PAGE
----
The woman was part of protests around the nation at the weekend. They demanded: ‘‘Freedom’’. Elsewhere there was ‘‘COVID-19 is a hoax. The government’s biggest fear is our unity. United we stand. Liberty. Liberty, equality, fraternity. Love over lies, and my freedom is your freedom’’.
Everyone can think what they want to think and be defended for their right to say it. Voltaire, if you really did pen it, take a bow. Everyone should defend that right.
However, those who protest at these restrictions are part of a global arm of a media empire called ‘‘Fake News’’. It’s been around for centuries. One side asserts atrocities to arouse hatred and rebellion against the other side.
Perhaps those who proclaimed at the weekend for liberty should reach back to the American Revolutionary War and declare, give me liberty or give me death.
But here’s the thing. This. Is. A. Pandemic. If you want to bet on it, you can have the quinella of liberty and death.
Perhaps the protester and her family of like-minded clan would prefer to hear from the men with the drays going past their houses, yelling, ‘‘Bring out your dead’’.
Freedom, despite the ardent hopes of many, is not an inalienable, universal right. History has shown that. Every society has parameters of behaviour. Totalitarian societies use the law to transform the lives of people into the life of the state; some societies run by dictators use the laws to nurture the power of the grand leader; and some societies are democracies, like Australia’s, which try to safeguard their citizens, even the stupid ones from themselves. It’s called equality of life.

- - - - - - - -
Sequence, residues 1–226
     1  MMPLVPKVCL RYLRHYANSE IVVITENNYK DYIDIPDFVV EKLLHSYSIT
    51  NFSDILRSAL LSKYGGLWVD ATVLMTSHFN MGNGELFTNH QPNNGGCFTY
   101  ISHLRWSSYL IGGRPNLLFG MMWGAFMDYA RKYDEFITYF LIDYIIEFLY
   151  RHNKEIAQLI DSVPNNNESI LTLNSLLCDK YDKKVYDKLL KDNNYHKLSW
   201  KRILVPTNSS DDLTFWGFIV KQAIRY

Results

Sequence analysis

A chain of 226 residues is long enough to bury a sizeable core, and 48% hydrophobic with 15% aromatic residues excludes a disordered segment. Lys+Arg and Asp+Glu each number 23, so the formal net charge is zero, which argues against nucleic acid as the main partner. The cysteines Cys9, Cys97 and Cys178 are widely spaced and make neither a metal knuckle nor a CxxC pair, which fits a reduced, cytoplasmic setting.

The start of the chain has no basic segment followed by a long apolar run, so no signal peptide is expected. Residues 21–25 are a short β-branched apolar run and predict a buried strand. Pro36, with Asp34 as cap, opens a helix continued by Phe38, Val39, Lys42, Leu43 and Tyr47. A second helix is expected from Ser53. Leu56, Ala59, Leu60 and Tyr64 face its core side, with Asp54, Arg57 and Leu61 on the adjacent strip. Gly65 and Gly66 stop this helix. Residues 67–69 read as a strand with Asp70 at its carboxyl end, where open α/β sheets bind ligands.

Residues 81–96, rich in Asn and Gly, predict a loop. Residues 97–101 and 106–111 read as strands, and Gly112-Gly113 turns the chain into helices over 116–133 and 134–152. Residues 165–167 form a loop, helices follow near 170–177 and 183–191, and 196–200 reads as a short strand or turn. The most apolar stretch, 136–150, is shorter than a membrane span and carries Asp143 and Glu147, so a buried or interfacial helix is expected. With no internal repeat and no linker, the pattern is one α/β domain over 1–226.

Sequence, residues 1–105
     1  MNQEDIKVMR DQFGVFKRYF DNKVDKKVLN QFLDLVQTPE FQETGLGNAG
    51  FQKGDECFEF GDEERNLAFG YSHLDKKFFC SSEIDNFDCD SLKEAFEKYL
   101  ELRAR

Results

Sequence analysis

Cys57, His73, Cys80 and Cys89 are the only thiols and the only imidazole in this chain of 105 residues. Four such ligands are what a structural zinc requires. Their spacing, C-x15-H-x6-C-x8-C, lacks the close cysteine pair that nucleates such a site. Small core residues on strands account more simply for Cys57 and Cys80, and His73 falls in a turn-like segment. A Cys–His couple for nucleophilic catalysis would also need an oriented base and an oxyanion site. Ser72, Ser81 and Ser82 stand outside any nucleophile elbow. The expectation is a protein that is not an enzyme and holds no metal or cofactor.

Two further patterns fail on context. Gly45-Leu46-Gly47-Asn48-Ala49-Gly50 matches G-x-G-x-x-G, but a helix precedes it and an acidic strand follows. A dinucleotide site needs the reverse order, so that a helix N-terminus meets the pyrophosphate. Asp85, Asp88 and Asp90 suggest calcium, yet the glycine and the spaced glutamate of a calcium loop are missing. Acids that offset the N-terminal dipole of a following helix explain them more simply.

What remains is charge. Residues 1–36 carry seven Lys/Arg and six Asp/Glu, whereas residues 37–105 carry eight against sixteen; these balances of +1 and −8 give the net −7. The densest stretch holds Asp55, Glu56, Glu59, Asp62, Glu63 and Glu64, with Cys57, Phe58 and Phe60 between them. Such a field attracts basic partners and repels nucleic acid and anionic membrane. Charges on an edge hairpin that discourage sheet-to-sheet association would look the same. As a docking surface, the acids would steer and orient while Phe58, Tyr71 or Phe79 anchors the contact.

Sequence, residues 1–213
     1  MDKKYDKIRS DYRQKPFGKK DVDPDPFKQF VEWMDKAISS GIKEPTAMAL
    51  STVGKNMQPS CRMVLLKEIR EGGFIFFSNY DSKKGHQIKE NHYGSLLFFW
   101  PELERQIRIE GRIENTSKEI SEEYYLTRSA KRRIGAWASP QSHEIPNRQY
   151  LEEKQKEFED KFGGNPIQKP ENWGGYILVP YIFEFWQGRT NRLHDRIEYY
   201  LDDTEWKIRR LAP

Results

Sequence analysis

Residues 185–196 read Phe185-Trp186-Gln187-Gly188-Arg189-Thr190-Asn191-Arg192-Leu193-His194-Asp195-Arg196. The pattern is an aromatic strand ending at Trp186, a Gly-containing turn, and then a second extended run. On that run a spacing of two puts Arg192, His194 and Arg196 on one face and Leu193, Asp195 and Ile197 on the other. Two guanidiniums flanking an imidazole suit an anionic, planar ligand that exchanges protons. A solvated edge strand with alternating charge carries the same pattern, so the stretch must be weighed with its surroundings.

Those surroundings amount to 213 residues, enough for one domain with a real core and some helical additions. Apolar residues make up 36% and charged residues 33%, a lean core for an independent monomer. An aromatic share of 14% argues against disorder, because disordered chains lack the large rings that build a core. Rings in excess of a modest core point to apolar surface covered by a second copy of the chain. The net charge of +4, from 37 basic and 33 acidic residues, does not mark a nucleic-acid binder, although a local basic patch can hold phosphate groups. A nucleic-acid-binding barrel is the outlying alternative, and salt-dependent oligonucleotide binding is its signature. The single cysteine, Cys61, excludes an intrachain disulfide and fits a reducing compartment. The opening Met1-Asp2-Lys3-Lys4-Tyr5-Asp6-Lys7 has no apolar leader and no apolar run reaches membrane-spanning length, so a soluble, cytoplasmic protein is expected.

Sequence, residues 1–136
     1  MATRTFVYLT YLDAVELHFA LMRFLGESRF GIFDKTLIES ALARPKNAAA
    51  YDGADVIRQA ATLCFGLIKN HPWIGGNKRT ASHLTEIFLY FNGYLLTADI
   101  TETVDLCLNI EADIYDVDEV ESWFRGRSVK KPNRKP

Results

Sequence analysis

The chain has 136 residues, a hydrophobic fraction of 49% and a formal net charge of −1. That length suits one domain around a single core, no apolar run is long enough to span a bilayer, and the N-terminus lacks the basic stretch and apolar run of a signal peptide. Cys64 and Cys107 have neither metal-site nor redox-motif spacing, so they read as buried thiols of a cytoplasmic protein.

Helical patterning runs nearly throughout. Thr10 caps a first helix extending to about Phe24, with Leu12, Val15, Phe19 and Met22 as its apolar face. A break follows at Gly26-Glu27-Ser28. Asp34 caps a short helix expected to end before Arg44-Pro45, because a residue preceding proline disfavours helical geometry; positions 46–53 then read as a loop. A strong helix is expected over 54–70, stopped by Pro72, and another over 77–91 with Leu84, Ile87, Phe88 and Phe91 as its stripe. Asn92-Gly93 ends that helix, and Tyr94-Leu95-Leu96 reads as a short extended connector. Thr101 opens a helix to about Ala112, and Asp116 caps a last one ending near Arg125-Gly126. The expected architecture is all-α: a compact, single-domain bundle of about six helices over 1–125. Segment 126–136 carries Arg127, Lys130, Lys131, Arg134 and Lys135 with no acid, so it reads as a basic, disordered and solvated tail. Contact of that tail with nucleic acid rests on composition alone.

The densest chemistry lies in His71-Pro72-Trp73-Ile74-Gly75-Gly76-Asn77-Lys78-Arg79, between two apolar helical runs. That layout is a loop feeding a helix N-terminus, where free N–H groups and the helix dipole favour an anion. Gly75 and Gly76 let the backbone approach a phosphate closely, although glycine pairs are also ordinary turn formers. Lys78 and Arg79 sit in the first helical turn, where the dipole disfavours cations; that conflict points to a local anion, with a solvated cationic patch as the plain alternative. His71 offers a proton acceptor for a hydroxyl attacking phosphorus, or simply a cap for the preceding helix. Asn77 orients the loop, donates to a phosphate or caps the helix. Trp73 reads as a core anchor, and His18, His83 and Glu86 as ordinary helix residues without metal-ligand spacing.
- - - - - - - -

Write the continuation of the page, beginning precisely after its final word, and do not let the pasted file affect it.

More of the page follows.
It’s no doubt a supreme irony, lost on the weekend’s protesters, that they acted under the umbrella of ‘‘Freedom Day’’. As the song goes, Freedom’s just another word for nothing left to lose (in a pandemic).
Except there is everything to lose. This is a plague, dressed in the clothes of the 21st century. We don’t call it a plague − that would frighten the horses. It’s a pandemic, with no cure, yet. The latest modelling says reopening with 25 or more cases a day would lead to a resurgence requiring restrictions to be reimposed.
Boccaccio wrote in the Decameron
of life during the Black Death in the 14th century, ‘‘It was not merely a question of one citizen avoiding another, and of people almost invariably neglecting their neighbours and rarely or never visiting their relatives, addressing them only from a distance; this scourge had implanted so great a terror in the hearts of men and women that brothers abandoned brothers, uncles their nephews, sisters their brothers, and in many cases wives deserted their husbands.’’
Perhaps all those who demand their freedom to do whatever they want should walk among the newly dead. For surely they exist.
Warwick McFadyen is a desk editor at The Age.